A friend of mine recently turned me on to the sublime design of Ella, a new Sacramento, Calif., restaurant, and inadvertently kicked off an obsession. While thumbing through the photos they sent me, I was drawn to these funky little stools in the bar area, which seemed to have been bolted together from nothing less than driftwood. And thus did I become exposed to the furniture design majesty that is Piet Hein Eek.
In the few months since I came across him, Mr. Eek (or so I am thinking he likes to be called, what is Dutch for Mr. anyway?) has gone from somewhat obscure to being a global sensation. His furniture is not only incredibly thoughtfully designed, but incredibly green–being constructed largely from scrap wood or metal–and it seems you can’t click on one of those cool-watching type blogs anymore without someone else jumping on the Eek bandwagon.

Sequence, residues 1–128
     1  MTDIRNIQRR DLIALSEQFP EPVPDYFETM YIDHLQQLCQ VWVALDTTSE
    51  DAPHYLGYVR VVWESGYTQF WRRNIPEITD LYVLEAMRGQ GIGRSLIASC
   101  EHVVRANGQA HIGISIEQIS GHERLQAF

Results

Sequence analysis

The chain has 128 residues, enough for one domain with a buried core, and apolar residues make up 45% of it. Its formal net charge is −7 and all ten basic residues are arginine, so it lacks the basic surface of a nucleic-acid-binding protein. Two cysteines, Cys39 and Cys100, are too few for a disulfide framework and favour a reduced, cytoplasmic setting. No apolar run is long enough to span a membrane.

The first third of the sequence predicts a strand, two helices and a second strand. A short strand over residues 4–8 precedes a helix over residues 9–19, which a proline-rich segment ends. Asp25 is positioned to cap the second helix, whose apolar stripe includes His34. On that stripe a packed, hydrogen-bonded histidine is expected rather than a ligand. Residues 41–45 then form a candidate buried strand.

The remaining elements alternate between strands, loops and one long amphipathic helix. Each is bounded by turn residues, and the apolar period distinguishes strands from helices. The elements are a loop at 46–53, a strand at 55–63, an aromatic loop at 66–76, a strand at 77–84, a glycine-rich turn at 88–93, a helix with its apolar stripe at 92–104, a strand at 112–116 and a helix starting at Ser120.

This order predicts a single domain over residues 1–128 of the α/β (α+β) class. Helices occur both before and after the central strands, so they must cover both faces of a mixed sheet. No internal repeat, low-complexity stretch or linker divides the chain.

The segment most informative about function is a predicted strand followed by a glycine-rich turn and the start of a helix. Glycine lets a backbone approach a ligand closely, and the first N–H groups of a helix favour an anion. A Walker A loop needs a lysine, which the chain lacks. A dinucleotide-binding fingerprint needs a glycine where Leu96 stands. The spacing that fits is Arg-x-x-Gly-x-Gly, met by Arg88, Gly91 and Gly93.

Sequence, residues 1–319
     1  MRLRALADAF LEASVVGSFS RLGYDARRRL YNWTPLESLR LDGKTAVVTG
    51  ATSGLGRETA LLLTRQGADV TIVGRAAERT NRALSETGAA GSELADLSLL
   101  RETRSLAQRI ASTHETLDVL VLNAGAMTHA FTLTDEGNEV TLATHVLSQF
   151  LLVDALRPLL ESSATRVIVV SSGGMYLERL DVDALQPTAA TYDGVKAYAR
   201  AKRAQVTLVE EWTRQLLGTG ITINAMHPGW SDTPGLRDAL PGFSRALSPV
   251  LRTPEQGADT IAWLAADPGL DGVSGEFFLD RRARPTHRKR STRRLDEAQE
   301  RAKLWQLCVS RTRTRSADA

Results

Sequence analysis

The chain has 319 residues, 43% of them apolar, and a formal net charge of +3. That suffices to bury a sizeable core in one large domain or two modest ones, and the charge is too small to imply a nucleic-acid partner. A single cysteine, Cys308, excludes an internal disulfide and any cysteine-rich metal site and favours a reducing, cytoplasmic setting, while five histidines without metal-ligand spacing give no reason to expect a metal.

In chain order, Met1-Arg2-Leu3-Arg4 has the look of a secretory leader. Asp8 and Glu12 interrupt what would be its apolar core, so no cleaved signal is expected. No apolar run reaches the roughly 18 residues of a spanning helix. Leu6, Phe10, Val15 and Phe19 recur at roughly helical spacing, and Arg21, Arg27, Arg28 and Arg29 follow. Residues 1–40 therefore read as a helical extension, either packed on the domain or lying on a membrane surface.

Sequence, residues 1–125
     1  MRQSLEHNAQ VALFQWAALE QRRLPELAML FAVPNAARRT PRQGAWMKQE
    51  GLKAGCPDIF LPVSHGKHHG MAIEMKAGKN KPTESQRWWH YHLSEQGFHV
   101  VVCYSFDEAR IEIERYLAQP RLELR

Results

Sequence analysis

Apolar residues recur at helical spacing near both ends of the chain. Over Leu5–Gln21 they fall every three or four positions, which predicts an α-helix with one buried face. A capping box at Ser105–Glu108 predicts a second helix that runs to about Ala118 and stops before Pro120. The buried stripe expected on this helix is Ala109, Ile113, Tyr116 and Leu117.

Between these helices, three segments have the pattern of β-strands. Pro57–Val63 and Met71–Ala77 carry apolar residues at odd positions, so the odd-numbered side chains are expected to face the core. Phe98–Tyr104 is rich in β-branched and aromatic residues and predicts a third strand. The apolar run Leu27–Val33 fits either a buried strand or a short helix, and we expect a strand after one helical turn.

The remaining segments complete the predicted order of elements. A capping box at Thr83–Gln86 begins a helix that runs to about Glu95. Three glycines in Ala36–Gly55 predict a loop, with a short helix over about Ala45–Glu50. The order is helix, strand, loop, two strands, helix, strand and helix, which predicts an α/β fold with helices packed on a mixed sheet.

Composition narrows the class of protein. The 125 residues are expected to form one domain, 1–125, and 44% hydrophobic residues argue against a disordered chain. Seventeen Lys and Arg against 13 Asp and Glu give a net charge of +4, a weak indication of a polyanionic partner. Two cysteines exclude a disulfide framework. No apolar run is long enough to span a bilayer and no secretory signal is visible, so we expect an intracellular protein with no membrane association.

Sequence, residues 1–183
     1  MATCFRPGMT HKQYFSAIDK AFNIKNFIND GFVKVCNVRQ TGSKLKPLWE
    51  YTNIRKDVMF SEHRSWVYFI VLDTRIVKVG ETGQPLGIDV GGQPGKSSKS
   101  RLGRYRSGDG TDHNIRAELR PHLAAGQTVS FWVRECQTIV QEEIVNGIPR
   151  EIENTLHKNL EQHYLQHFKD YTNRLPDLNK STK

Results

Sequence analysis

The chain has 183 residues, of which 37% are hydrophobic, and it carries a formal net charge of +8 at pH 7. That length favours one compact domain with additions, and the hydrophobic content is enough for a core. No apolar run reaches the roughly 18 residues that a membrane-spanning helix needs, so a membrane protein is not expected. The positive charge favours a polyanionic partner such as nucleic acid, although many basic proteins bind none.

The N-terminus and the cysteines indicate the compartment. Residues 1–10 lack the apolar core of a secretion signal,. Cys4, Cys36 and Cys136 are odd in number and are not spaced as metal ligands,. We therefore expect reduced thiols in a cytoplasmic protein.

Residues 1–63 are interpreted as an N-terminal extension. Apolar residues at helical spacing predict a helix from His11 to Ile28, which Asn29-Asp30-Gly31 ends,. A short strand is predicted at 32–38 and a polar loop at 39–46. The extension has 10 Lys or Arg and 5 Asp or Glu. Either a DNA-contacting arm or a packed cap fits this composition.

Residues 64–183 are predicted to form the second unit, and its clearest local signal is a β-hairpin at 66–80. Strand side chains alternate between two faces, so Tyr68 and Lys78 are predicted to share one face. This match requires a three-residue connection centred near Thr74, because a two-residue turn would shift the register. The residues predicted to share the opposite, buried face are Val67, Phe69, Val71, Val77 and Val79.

What excited me most recently was a new line he’s released called 99.13 percent. It’s a shelving system designed to be fabricated from a single sheet of steel with barely any waste–0.87 percent of waste to be exact, and that waste comes from the holes he drills in it to bolt it together.
I was so floored by the premise of this, by the simplicity and purity of this statement that it had me thinking…How strange is our definition of green in this retail industry we find ourselves in? Where architects take exams to build greener buildings when perhaps we should just build less new structures. Where we claim our big boxes can be green if we put trees on the roof, only to build them so far from peoples homes that thousands of them burn up our ozone visiting them every day. Where our obsession with pretty visuals leads to grocery stores throwing away food ruined by the presentation.
In this odd world, isn’t something like the Piet shelving refreshing? nd shouldn’t we all perhaps start with something like this when we think of the difference we could make?
–Christian Davies, Guest Blogger